RAMS Alumni Spotlight: Dr. Zoe Weinstein

For our January 2024 RAMS Alumni Spotlight, we interviewed Dr. Zoe Weinstein, MD, MS, from the 3rd RAMS Cohort (2014-2016) about her background and work since completing the RAMS Program.

Zoe is an Assistant Professor at the Boston University Chobanian & Avedisian School of Medicine: Department of Medicine. She is a graduate of Boston University’s Addiction Medicine Fellowship and board certified in Internal Medicine and Addiction Medicine. She completed her medical degree at the University of California San Francisco, and residency at Boston Medical Center. She has been the Director of Boston Medical Center’s multidisciplinary addiction consult service since July 2016, serves as Associate Director of Boston University’s Addiction Medicine Fellowship Program, is a board member of AMERSA and is a site medical director of a local methadone clinic.

Read on to learn more about Zoe!

Tell us about your clinical and research background. What led you to study substance use?

I fell in love with clinical addiction care during residency by working with wonderful mentors such as Alex Walley and Christine Pace at the local methadone clinic, and Dan Alford in our Office Based Addiction Treatment (OBAT) program. I felt like I was so lucky to be part of these exceptional services, and also aware of how little we knew about the addiction care we were providing every day. During residency, I also was getting excited about developing research skills. Addiction fellowship was the perfect opportunity to grow my clinical skills and use my burgeoning research skills to evaluate OBAT. I was very lucky to have Jeffrey Samet offer to be my mentor, and the support of OBAT leaders like Colleen Labelle.

In what ways did your involvement with the RAMS Program assist you with your research career?

RAMS was such a special program. It was such a gift to be with a cohort of people who were at similar stages of their careers at institutions across the country. I feel like we grew up together as researchers. The coaching from senior mentors was of course awesome, but the peer network is what I cherish most. Senior mentors helped me navigate my first set of conferences, introduced me to other leaders in the field and helped shape my work. Every conference I go to now, is a mini RAMS reunion, seeing those from my cohort as well as before and after me. It is also a special joy to read, admire and cite all so many of those I knew back when we were all fellows.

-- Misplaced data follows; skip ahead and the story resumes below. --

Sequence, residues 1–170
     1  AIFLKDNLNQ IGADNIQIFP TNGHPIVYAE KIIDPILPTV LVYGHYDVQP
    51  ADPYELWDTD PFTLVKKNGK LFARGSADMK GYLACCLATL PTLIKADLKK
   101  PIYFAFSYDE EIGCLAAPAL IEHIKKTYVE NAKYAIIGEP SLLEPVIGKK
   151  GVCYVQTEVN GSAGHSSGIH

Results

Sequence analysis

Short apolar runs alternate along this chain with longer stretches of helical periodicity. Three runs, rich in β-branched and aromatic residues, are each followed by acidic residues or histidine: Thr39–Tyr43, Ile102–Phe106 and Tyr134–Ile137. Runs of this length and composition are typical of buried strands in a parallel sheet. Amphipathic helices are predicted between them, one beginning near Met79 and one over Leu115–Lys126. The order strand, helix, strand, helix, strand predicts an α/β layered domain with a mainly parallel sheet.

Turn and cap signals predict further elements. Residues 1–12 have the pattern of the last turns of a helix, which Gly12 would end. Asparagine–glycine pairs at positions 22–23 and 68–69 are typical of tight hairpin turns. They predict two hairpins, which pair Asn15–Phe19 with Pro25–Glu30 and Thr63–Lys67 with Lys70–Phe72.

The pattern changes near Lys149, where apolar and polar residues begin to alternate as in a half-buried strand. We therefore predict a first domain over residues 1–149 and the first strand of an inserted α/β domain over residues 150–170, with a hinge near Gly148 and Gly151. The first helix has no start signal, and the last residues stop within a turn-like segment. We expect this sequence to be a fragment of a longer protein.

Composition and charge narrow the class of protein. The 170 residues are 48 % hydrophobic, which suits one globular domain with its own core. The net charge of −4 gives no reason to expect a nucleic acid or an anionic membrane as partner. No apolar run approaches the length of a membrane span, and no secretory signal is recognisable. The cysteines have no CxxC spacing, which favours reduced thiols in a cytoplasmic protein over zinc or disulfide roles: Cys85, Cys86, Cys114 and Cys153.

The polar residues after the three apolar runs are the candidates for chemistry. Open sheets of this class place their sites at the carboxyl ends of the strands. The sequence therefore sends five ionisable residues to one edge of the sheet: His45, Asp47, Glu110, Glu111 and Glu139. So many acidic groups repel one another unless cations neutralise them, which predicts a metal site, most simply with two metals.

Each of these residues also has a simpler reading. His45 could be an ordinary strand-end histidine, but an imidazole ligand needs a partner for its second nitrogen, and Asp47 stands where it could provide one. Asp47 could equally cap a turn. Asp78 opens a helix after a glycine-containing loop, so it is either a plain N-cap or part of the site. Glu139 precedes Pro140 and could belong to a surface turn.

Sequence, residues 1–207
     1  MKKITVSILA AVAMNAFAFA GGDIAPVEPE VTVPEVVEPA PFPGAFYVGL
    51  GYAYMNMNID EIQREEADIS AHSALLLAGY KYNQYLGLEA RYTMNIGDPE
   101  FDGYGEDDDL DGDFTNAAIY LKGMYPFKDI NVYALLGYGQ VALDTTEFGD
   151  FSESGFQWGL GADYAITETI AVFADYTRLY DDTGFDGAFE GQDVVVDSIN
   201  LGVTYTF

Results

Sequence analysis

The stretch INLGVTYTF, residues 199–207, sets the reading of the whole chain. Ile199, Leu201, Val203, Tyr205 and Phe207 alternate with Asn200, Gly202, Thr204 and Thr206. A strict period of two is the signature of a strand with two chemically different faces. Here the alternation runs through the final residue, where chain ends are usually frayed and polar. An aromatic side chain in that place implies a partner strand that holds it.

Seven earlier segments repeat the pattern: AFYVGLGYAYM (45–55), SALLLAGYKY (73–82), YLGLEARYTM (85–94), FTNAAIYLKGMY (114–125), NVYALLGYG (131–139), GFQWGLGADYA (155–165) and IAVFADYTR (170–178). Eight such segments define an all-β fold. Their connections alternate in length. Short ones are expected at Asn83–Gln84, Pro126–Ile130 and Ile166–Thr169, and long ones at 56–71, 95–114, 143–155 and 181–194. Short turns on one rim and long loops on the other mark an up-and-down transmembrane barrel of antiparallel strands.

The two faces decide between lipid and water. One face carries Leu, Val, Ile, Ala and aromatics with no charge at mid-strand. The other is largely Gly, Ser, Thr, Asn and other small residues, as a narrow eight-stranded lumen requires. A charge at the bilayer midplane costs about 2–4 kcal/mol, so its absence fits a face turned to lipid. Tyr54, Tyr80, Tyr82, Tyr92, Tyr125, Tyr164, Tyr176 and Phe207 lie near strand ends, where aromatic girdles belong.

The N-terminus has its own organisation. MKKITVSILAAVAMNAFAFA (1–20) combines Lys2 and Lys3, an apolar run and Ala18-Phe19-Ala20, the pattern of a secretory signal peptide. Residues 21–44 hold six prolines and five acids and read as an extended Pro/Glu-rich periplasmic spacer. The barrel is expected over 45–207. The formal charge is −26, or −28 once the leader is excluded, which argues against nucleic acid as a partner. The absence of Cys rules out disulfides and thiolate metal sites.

Zoe (second from left) at the 2015 CPDD Conference.

Did you move institutions post-fellowship? If so, what was the most challenging about this transition?

I decided to stay at my current institution due the exceptional senior and peer mentorship, as well as building on my clinical and research opportunities, so it is even more important to me that I have RAMS colleagues across the country to help keep me from becoming too myopic.

What would you consider an interesting or surprising finding from your research so far?

Honestly, I enjoy writing papers and sharing results, but my favorite part of research is the new skills I gain in the process and the learning I get from my co-authors. Currently, I have one study I am leading which is mixed methods, and I have learned so much about qualitative work from my co-investigators, including a PhD student who used some of our data in her thesis. In another current study, we are using Medicaid data for the primary outcome. It is fascinating to get into the nitty gritty of the strengths and weaknesses of various types of data. I also have multiple studies where I have provided training and technical assistance to other clinicians who are starting up clinical programs. I think I am always surprised by how much bidirectional learning there is. These clinicians look to me as the expert, but I learn so much from them!

Zoe at the 2015 CPDD Conference.

Tell us about some directions you see your research going in.

I have focused my research mostly within clinical settings I work in, and my questions are often driven by that clinical experience. I am very excited to be doing more research on methadone treatment. It is one of the clinical spaces I enjoy most, but in many ways the care is outdated and not evidence-based. Methadone care is a space where research can be essential to advocacy efforts for care reform.

What has been a particularly challenging IRB issue you have had recently?

I honestly think my local IRB is great, though like everything I wish for a faster turnaround time. In the past few years, I have started working more in multisite studies where we have to cede single IRBs, so I am still learning the process of how to balance the needs and preferences of my local IRB and the single IRB.

Have you ever had an experience with a revise and resubmit decision and/or a rejection, and if so, what errors did you make and what would you have changed/what did you change?

I recently got a desk rejection from the editor which basically said: “Why should we care about this study? We don’t see what’s new or important here.” They were right, I had buried the Why. Just after the rejection I went to a great talk about research as an advocacy tool. One of the speakers said (paraphrase): “We want to use your research as advocacy, but you sometimes need to spell it out clearly for the pundits and politicians to make concise talking points”. All of this reminded me to be more assertive in my writing.

Tell us one thing about yourself that readers might find interesting.

I always enjoyed creative writing. I was co-editor of the literary magazine in high school and took creative writing classes in college. I still write poetry sometimes, especially to process challenging patient cases.


This interview was compiled and posted by Amanda Fitzpatrick, MPH.